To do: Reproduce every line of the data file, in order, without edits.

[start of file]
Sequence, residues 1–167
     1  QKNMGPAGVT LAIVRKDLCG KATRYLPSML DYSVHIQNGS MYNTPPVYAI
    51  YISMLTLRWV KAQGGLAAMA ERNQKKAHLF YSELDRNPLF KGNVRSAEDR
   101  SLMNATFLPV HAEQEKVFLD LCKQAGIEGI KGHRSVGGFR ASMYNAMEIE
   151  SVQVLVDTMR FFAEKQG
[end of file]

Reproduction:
Sequence, residues 1–167
     1  QKNMGPAGVT LAIVRKDLCG KATRYLPSML DYSVHIQNGS MYNTPPVYAI
    51  YISMLTLRWV KAQGGLAAMA ERNQKKAHLF YSELDRNPLF KGNVRSAEDR
   101  SLMNATFLPV HAEQEKVFLD LCKQAGIEGI KGHRSVGGFR ASMYNAMEIE
   151  SVQVLVDTMR FFAEKQG